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In & Out of Studio 3D
Thursday, 12 November 2015
Liquid Pearl Birdcage
Topic: Stencils

Paper crafting group challenge in October was 'birds and birdhouses'. I guess a birdcage is a bird house so that is what I did.

I have a stencil that includes four birdcages hanging from branches with a couble of birds in the tree.

I used tape to block out all but one of the birdcages and all the birds that were free. I kept the one bird inside the cage.

I used a squeegee to spread Liquid Pearls (color: bisque) through the stencil onto printed cardstock. The stencil was removed and the pattern allowed to dry completely on its own.

I then used Copic markers to color in the bird and the leaves and branches.

I cut the panel to size and stamped a sentiment on the side.

Here you can see the coloring better

I mounted this on shiny gold cardstock, then to a folded card base.




Posted by studio3d@ccgmail.net at 12:01 AM PST
Wednesday, 11 November 2015
Blended Butterflies
Topic: Stencils

I liked the use of stencils in overlapping watercolor pencils that I did yesterday so I decided to do it again. This time I used three butterfly diecuts and arranged them in a rising flight design.

Once again, the elements looked too flat, so I used a Sakura glitter pen to draw and color in the patterns that were on the dies.

The effect is great in person but sure does mess up the photography!

I ounted this on a patterned paper with yellow and grey chevrons.

I stamped a greeting on the side and used the glitter pen on the double lines in the lettering.

What am I going to do about this camera?





Posted by studio3d@ccgmail.net at 12:01 AM PST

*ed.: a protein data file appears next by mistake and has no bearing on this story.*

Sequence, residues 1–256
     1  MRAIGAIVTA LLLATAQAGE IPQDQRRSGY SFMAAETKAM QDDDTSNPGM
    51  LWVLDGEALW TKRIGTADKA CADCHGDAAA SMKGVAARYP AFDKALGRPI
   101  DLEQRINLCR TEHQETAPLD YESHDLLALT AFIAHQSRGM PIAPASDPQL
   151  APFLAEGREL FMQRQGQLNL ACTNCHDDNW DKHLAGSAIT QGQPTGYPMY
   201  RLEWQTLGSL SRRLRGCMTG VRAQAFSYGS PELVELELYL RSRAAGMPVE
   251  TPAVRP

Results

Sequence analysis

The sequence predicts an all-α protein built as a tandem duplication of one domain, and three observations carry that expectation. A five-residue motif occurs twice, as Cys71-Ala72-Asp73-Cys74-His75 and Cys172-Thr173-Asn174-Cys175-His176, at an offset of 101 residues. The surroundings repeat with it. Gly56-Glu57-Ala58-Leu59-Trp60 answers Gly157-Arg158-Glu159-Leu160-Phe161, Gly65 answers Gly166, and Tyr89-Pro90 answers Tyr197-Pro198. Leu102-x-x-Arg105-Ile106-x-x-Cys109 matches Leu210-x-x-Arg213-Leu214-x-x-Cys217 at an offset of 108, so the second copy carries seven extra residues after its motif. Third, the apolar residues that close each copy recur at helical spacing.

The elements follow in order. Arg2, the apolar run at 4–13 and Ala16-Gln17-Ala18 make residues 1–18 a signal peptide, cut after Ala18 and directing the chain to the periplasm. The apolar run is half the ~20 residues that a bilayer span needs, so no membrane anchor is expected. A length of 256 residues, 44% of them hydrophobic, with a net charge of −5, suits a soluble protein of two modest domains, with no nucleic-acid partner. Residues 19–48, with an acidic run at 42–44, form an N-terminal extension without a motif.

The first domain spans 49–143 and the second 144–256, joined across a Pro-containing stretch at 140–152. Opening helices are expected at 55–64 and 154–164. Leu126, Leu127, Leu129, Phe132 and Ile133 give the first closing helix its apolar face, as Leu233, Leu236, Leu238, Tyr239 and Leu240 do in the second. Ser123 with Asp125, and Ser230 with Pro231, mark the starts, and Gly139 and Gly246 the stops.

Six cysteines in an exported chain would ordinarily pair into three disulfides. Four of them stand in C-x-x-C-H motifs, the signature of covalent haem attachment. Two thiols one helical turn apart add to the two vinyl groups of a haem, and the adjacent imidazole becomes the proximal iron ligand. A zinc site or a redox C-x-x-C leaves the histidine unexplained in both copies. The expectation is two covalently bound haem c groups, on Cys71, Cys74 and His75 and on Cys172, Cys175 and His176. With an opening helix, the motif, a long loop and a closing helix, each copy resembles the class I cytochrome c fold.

Tuesday, 10 November 2015
Blended Blooms
Topic: Stencils

I saw Sandy Allnock doing a watercolor pencil technique the other day on her blog and decided to give it a try. She was using the blanks left over from diecutting for her outlines but I already had stencils so decided to use that instead.

The stencil (mine were poppies) is laid over watercolor paper and traced partway around (I am using the bloom heads only) with a watercolor pencil. The next bloom is laid overlapping it and another color is used to draw the new bloom head. Where they cross one another an in-between color is used.

When all the flowers are traced the same pencils are used to lightly fill in the blooms with color. The stems and leaves are drawn in with green.

An aquabrush was used to blend the pencil color inside the cross-over areas first, left to right. I then did the same with the stems and leaves and finally I went back to the left and did the blending on the bloom heads (this gave the first pass some time to dry a little before wetting the adjacent areas.

I did go back with some contrasting colors and add a bit to the bottom area of the lighter blooms as a shadow area as they looked too flat.

After drying, I trimmed the panel and stamped a sentiment in black and mounted the piece on a yellow base card. I also added a single doodle line in black to go with the sentiment.

Sandy also did the same with a line of hanging Christmas ornaments and suggested that it would look nice with fall leaves as well.



Posted by studio3d@ccgmail.net at 12:01 AM PST
Monday, 23 February 2015
Reversing the Reverse
Topic: Stencils

This could easily becoming a never-ending process! By sponging the Distress Ink through the stencil yesterday it left ink on the stencil surface. So I grabbed another piece of watercolor paper, misted the stencil and laid it down (wet side down) and held it in place for about 30 seconds.

I dried this with a heat gun.

Then the background was too pale for me so I sponged Tea Dye Distress Ink directly onto the paper.

I also spritzed with Shabby Shutters and Mustard Seed Distress Markers using a bulb sprayer.

This was decorated with table scraps and a stamped sentiment.



Posted by studio3d@ccgmail.net at 12:01 AM PST
Sunday, 22 February 2015
Using the Smoosh
Topic: Stencils